Time to abolish the UK's last "rotten borough" - the City of London Corporation

One year on from the Occupy protest at St Paul's, we're no closer to reforming the dark heart of predatory capitalism.

On the night Occupy LSX marched into the City tweets came into me asking for help as the police kettled activists on the steps of St Paul's. I went down there and did what little I could to prevent people being roughed up. Over the next few days the tents soon appeared and the occupation became a debating forum on the causes and creators of the economic crisis.

As days turned into weeks and the cathedral hierarchy split over whether to evict the camp, the occupiers soon discovered the existence of an organisation the vast majority of the population barely knows exists. The City of London Corporation was flushed out of the shadows in which it normally lurks to show that it was something more than the organiser of a good pageant in the Lord Mayor’s Show.

Naturally members of Occupy turned their inquisitive attention to this seemingly quaint body that was threatening to send in the bailiffs. Just as the direct action by UK Uncut transformed the issue of tax evasion from a dry debate for accountants into a popular cause, Occupy has helped turn the spotlight on the abuse of power that is the City Corporation.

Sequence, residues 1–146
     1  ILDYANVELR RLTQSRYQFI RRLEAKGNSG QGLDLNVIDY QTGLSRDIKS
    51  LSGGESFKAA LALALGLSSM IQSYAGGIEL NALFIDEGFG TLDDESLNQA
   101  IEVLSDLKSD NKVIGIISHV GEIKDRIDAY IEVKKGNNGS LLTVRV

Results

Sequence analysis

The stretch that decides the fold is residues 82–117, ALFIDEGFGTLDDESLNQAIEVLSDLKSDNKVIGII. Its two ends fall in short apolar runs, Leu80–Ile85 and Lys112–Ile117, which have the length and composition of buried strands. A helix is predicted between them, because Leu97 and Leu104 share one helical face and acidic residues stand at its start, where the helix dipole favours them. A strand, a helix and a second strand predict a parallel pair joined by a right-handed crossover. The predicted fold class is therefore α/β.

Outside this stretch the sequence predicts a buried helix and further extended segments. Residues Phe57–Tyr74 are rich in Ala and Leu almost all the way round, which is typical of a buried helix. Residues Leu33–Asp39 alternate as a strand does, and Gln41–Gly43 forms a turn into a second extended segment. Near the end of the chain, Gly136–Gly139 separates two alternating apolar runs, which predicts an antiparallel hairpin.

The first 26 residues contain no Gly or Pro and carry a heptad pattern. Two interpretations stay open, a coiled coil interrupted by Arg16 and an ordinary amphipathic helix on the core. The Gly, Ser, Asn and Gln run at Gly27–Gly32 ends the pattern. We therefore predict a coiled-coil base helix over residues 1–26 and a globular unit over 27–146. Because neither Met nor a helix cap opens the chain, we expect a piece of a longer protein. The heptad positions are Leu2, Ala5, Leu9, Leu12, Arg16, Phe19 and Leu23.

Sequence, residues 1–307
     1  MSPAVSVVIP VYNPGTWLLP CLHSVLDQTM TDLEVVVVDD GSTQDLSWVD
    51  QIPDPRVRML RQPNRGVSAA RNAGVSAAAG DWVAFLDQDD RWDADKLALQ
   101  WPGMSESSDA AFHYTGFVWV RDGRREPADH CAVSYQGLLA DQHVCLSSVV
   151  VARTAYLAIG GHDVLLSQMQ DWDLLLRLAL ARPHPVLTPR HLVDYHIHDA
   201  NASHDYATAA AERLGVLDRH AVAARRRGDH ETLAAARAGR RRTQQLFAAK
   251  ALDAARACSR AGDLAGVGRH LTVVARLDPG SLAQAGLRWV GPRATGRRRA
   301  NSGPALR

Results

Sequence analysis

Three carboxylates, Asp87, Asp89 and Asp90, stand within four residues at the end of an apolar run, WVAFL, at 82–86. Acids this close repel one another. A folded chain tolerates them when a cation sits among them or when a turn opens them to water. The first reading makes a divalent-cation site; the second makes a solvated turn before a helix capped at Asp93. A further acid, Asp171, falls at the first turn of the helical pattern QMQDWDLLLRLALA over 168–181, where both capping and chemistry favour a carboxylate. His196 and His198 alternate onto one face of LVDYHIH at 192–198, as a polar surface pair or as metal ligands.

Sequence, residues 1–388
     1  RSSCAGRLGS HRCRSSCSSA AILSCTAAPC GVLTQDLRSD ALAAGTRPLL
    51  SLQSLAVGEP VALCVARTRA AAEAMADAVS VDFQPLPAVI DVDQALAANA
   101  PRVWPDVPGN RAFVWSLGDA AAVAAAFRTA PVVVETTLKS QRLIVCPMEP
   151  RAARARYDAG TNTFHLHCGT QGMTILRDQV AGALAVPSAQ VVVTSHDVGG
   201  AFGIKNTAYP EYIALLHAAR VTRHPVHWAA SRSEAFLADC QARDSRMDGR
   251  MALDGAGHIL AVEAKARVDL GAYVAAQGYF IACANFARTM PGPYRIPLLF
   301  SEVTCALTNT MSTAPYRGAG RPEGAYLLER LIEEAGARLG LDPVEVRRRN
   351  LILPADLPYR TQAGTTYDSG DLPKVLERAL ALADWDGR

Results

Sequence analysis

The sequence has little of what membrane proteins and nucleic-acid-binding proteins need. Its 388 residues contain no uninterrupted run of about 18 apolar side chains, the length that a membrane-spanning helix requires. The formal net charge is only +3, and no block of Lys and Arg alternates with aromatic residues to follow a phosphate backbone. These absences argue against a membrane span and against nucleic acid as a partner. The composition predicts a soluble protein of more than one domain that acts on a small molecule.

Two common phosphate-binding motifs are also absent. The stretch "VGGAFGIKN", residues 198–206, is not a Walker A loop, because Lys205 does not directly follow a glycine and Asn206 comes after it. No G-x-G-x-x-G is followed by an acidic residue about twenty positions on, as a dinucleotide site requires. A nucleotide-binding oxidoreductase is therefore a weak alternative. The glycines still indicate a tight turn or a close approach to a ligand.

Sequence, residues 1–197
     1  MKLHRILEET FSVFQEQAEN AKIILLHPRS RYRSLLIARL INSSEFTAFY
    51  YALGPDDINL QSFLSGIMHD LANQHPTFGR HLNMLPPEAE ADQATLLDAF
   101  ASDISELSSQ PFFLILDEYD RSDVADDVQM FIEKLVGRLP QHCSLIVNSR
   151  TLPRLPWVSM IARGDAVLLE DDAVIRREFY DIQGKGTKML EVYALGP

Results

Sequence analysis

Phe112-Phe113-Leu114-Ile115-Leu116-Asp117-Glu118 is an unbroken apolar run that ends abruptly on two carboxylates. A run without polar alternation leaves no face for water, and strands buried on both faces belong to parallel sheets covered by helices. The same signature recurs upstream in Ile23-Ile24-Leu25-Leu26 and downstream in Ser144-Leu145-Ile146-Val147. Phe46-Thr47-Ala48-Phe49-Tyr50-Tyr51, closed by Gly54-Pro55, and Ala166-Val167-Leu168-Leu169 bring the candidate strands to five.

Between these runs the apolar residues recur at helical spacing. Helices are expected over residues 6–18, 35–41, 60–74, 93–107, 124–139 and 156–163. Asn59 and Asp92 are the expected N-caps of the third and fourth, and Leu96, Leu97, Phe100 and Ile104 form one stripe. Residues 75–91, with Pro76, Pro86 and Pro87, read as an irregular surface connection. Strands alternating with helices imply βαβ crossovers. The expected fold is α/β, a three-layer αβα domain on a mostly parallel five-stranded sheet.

In Michael Chanan’s and Lee Salter’s new film, “Secret City”, Maurice Glasman explains ironically that St Paul’s was the site of our earliest democracy, where the citizens of London in medieval times would hold hustings. In the sixteenth century the city took over from Amsterdam as the centre of international credit and maritime trade. Its coffee houses became banks and governments became dependent upon them for loans, largely to finance wars.

Government's reliance on the city to finance the national debt gave the city such influence that the Corporation was able to avoid the successive reforms that established democratic local government in the rest of the country.

Instead the City Corporation to this day retains the business vote, which overwhelms the votes of residents in the elections for its Common Council. The vast proportion of elections in the City have not been contested. Instead an old boys’ network amongst the companies sorts out which favoured son is to be bestowed the seat.